North Vancouver School District
the natural place to learn©
Policy 302: Student Conduct
Revised: September 25, 2001
Revised: May 26, 2010
Revised: December 6, 2016


The Board of Education believes that schools provide safe, caring and orderly environments for purposeful learning activities. As required by the School Act, each North Vancouver school develops its own code of conduct in consultation with parents, staff and students. These codes are monitored and reviewed on an annual basis and clearly communicated to staff, students, and parents. There are certain issues that all schools address with reference to their own code of conduct. Consequently, through the development of their code of conduct, schools establish and maintain appropriate balances between individual and collective rights, freedoms, and responsibilities.
In order to allow students to fully participate in their educational program, schools must meet the standards set out in the BC Human Rights Code, that include the prohibited grounds of discrimination in respect of discriminatory publication and accommodation. All students, regardless of their race, colour, ancestry, place of origin, religion, marital status, family status, physical or mental disability, sex, sexual orientation, gender identity or expression, or age of that person or that group or class of persons, have the right to a safe, inclusive and welcoming learning environment.
Behaviour Expectations
North Vancouver schools clarify, and in their respective code of conduct, publish expectations for student behaviour while at school, at a school-related activity, or in other circumstances where engaging in an activity will have an impact on the school environment. Special considerations may apply if a student is unable to comply with the expectations due to having a disability of an intellectual, physical, sensory, emotional or behavioural nature.
Codes of Conduct for all North Vancouver schools align with the Provincial Standards for Codes of Conduct Order and the School Act.
Examples of acceptable behaviour for students include:  
    • Attend school punctually, apply oneself to learning, and follow staff instructions
    • Respect of self, others, and the school
    • Helping to make the school a safe, caring and orderly place
    • Informing a “tellable” adult in a timely manner (in advance, if possible) of incidents of bullying, harassment or intimidation
    • Engaging in purposeful learning activities in a timely manner
    • Acting in a manner that brings credit to the school.
Examples of unacceptable behaviour for students include:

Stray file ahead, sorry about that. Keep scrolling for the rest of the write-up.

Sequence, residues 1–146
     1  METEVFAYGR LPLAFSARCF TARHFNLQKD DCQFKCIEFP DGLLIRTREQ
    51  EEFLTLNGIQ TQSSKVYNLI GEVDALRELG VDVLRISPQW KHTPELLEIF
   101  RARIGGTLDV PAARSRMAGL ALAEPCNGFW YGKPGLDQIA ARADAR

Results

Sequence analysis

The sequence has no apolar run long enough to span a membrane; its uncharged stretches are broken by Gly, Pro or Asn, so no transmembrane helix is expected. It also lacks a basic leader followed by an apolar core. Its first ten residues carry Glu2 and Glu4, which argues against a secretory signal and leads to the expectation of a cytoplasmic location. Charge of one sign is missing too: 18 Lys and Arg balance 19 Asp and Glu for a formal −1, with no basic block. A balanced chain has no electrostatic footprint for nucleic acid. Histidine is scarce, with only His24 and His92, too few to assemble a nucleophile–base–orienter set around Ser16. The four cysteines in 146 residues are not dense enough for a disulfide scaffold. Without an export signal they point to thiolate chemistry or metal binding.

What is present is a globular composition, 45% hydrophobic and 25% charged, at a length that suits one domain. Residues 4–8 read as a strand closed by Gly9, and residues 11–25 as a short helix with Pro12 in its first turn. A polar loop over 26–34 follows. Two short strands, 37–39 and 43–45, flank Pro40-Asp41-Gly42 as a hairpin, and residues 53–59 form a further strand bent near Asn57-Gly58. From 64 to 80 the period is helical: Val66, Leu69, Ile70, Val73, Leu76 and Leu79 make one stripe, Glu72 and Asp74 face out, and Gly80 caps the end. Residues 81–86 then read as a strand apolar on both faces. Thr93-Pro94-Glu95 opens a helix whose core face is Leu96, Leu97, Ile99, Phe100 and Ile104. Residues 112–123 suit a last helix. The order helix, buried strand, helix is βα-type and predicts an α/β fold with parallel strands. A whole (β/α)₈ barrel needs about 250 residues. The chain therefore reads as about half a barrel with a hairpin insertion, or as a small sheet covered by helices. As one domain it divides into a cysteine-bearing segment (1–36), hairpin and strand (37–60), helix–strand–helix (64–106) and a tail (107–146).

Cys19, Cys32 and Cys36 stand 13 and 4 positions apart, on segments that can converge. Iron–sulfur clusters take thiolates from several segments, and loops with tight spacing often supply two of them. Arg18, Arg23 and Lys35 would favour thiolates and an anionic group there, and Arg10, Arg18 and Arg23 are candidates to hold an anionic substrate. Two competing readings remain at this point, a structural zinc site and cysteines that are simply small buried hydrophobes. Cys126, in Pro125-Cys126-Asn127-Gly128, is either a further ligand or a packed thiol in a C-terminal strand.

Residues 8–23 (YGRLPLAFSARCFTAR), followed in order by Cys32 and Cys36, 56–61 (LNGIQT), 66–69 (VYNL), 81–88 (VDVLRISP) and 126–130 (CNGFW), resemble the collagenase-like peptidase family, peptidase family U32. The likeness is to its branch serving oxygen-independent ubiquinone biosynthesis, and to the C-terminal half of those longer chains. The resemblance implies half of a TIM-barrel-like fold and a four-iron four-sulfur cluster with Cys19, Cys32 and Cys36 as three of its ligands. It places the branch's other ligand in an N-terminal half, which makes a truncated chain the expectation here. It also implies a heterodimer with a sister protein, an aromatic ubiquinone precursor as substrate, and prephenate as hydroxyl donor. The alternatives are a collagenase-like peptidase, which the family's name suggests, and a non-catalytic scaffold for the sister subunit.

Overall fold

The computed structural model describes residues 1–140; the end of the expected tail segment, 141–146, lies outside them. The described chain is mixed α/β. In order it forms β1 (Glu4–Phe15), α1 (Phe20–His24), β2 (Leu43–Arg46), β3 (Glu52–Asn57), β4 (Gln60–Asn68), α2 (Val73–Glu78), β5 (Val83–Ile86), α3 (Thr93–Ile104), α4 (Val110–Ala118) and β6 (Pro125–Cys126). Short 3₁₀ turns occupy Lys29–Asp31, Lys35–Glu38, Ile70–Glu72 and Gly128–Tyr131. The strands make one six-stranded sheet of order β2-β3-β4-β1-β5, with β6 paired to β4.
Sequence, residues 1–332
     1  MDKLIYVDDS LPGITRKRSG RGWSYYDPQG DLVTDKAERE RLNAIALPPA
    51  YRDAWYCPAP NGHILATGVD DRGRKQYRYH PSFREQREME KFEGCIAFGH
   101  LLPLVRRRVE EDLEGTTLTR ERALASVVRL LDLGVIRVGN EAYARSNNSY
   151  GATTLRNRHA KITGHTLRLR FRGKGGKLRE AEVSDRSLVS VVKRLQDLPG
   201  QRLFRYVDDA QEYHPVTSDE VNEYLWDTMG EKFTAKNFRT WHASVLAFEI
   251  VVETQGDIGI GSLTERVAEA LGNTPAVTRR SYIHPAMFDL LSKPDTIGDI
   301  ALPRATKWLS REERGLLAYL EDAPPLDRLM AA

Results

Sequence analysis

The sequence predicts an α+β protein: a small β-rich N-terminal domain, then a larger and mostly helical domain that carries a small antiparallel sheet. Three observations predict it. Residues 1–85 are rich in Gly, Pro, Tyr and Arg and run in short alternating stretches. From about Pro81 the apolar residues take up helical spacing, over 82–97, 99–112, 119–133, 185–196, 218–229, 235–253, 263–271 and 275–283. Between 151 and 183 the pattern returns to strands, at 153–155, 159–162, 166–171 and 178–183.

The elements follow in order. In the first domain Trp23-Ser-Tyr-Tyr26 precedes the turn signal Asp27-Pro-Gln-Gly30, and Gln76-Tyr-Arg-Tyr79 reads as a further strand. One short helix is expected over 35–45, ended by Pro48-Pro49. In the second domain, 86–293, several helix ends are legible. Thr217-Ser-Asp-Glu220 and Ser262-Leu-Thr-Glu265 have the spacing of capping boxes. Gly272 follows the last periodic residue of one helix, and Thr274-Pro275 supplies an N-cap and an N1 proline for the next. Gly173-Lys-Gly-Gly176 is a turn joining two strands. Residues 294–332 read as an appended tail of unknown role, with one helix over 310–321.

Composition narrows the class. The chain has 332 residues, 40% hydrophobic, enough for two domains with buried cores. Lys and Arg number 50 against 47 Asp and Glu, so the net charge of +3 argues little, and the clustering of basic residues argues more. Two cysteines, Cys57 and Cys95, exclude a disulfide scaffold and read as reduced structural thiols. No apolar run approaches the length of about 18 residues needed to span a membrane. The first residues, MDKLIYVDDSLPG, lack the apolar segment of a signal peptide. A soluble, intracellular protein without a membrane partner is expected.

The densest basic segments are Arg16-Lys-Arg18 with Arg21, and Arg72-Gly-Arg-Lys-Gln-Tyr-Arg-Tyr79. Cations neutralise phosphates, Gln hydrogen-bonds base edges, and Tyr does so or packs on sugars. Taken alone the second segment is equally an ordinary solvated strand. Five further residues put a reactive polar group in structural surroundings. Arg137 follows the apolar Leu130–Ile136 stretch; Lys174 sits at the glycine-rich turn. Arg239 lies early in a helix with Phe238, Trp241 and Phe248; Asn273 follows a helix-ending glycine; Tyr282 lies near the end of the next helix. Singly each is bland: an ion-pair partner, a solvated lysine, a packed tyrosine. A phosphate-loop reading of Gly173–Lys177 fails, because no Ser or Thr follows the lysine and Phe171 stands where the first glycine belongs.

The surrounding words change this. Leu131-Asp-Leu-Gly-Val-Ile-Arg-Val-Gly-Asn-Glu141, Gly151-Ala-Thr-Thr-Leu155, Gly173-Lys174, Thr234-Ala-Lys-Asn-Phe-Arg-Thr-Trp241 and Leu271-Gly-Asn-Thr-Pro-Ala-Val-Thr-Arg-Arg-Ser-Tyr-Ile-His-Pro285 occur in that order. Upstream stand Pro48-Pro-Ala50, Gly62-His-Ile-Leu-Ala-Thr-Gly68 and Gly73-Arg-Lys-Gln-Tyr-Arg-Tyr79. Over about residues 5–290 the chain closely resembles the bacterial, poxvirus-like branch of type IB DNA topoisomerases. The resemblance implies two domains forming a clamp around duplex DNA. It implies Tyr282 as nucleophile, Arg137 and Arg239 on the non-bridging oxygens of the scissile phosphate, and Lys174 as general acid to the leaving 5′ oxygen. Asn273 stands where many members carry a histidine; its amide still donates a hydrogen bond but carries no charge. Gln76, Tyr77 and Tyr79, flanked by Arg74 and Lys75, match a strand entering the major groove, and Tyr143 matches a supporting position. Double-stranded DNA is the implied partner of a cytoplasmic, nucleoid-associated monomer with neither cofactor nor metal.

Behaviours that

    • Interfere with the learning of others, including their emotional well-being
    • Interfere with an orderly school environment 
    • Create unsafe conditions (e.g., unauthorized gatherings on school grounds) 
    • Discriminate against a person or class of persons by publishing or displaying a statement, publication, notice, sign, symbol, emblem or other representation that indicates discrimination (BC Human Rights Code)
Aggressive acts, such as
    • Bullying (e.g., physical, verbal, cyber, social), harassment, intimidation. or threatening behaviour
    • Physical violence
    • Retribution against a person who has reported incidents
Illegal acts, such as
    • Possession, use, or distribution of illegal or restricted substances (e.g., alcohol, non-prescribed drugs, etc.)
    • Possession or use of weapons or replicas
    • Libel, slander or defamation
    • Theft of or damage to property.

Consequences for unacceptable conduct are:

    • Outlined in the school code of conduct
    • Planned, consistent, and fair, and
    • Whenever possible and appropriate, preventative and restorative rather than punitive.

When appropriate, students are encouraged to participate in the development of meaningful consequences for violations of the code of conduct. Consequences shall be based on the student’s age, maturity, and special needs, if any.

School administrators have a responsibility to advise other parties of serious breaches of the code of conduct; e.g., parents, school district officials, police and/or other agencies.
This policy shall be subject to an annual review to assess its effectiveness in addressing current school circumstances and emerging safety issues.